As the region waits to see the full impact from the residential fallout, Bennett says Downtown is poised for a sharp drop in absorption because new buildings in Uptown are raiding its ranks. He believes Downtown will dip into the red for absorption by year’s end or early 2009 due to shifting tenants who are leaving behind class A blocks from 48,000 sf to nearly 450,000 sf. And, he says there’s no preventive medicine “unless there’s another Comerica out there that comes in very quickly.”

As a result, Bennett believes rents will stabilize or possibly drop and concessions like tenant improvement packages will increase and free rent return to the bargaining table. He says the $1 per sf to $3 per sf rent hikes that become commonplace last year resulted from out-of-state US and foreign investors who perceived Dallas’ rates as too low in comparison to its metro peers.

“If landlords want to get their buildings filled, they are going to have to give up some concessions,” Bennett says. “The tide is slowing turning in the tenants’ favor again with the economy and the shape it’s in.”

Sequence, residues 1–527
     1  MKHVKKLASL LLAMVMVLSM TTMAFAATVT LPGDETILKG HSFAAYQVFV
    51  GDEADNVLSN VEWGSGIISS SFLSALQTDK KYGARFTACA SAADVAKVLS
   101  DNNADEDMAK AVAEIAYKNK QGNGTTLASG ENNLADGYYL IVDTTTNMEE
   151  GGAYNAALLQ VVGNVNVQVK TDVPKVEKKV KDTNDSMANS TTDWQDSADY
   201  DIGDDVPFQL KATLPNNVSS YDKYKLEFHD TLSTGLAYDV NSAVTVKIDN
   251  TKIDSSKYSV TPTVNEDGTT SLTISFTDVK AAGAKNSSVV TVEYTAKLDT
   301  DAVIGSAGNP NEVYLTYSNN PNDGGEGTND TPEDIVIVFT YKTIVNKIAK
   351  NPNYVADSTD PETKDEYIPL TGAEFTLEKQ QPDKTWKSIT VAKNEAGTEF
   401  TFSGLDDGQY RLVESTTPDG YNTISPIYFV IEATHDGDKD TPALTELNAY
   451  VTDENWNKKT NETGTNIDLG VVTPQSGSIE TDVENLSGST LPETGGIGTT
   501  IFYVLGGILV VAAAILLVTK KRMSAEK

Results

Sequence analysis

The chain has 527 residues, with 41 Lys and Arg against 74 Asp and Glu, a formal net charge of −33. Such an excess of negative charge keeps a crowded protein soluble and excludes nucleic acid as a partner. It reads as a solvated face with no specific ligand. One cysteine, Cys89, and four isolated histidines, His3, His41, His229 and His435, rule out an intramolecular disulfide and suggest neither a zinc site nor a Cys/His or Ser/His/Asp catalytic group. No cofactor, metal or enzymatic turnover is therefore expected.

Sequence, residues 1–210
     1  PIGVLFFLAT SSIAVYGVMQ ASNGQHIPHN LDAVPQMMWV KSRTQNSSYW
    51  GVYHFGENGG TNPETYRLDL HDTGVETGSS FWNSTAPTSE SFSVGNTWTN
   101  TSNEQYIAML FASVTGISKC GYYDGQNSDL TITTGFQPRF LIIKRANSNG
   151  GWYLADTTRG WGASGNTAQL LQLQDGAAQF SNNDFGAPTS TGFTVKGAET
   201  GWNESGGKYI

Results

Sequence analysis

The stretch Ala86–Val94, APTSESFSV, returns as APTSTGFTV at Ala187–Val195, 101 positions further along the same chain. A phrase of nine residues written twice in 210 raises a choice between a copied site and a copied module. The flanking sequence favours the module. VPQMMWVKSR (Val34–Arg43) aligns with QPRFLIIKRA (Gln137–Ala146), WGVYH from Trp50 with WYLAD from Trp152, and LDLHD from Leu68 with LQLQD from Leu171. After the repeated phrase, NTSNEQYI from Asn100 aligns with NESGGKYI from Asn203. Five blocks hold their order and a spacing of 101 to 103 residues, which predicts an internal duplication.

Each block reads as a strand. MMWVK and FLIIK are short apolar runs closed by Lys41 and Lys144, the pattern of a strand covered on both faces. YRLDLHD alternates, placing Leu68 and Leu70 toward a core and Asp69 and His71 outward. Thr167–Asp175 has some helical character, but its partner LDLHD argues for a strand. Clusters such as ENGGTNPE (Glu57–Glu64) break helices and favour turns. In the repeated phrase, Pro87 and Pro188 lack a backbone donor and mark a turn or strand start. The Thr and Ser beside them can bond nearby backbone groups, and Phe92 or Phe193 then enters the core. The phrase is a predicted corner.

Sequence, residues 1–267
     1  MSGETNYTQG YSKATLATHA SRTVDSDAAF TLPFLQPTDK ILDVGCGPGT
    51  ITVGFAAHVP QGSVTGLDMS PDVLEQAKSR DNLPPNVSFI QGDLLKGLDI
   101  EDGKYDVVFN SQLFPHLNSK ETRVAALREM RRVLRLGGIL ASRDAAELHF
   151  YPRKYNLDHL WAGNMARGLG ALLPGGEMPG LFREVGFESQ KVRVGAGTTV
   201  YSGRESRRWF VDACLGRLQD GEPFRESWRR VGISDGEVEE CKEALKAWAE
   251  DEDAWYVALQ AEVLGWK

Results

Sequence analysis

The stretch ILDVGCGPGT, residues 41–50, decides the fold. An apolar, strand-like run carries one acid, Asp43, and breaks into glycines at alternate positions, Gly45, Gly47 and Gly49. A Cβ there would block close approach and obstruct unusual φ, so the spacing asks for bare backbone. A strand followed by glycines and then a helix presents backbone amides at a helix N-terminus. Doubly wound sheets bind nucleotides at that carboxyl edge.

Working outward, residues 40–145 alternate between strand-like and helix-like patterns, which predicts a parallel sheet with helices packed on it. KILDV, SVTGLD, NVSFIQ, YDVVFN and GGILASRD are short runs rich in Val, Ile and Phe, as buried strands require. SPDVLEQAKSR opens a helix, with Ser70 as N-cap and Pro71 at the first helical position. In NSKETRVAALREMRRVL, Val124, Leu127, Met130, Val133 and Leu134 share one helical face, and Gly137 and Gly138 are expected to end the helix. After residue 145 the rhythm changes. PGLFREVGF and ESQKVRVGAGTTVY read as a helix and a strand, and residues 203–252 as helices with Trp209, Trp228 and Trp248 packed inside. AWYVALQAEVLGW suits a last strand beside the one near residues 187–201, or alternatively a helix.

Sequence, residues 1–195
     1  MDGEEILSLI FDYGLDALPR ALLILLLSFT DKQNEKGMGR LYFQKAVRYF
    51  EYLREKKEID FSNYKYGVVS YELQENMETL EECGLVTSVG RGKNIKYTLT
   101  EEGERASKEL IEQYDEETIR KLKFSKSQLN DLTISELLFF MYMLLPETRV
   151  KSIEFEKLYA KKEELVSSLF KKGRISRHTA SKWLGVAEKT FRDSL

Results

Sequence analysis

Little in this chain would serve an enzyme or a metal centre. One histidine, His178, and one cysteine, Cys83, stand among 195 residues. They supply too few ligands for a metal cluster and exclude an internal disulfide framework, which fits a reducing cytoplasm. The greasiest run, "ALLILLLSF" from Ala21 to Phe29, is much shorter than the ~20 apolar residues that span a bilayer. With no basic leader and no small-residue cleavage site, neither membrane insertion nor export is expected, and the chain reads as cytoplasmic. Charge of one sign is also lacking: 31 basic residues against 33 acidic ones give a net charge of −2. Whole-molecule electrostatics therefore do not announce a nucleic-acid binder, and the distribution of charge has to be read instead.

Jones Lang LaSalle tracks the Dallas CBD and its suburbs, not venturing into Fort Worth or its immediate neighbors. However, Ray says the plan is to add Fort Worth to the list this year. Also, JLL’s team monitors only multi-tenant, class A and class B buildings, 15,000 sf or larger. And, it only includes tenants who have moved into their spaces, setting up a scenario that some 2007 signings didn’t make it into the numbers until Q1 2008. Ray says that is done so space being vacated can be included in the analysis. Parameters vary by brokerage house so they are key to understanding the findings.

In the CBD, absorption totaled 132,441 sf. The 24.18-million-sf inventory is 23.98% vacant. Rent averaged $21.09 per sf in class A stock and $14.83 per sf for class B buildings. There is 17,454 sf of sublease space and 5.78 million sf of open direct space. And, there were no completions and no buildings under construction.

Oak Lawn/Uptown’s 8.4 million sf’s 9.69% vacancy is the lowest of JLL’s nine submarkets. But, its absorption was in the red, down 54,882 sf from a year ago. Class A rent averages $32.03 per sf; class B, $22.71 per sf. There is 130,828 sf of sublease space and 683,593 sf of direct space on the market. No buildings delivered in Q1, but there is 1.95 million sf pushing out of the ground.

In Preston Center, vacancy is 12.69% in a 3.41-million-sf stock. It too fell into the red in absorption by 23,027 sf. Class A rent averages $31.59 per sf; class B, $25.90 per sf. The prestigious pocket has 76,709 sf of sublease space and 356,747 sf of open direct space. Again, there were no deliveries, but there is 140,047 sf rising.

In the suburbs’ big picture, absorption rang up 447,293 sf. The 126.5-million-sf inventory is 23.82% vacant. Class A rent is fetching $24.65 per sf and class B is getting $18.96 per sf, on average. Open direct space totals 27.7 million sf.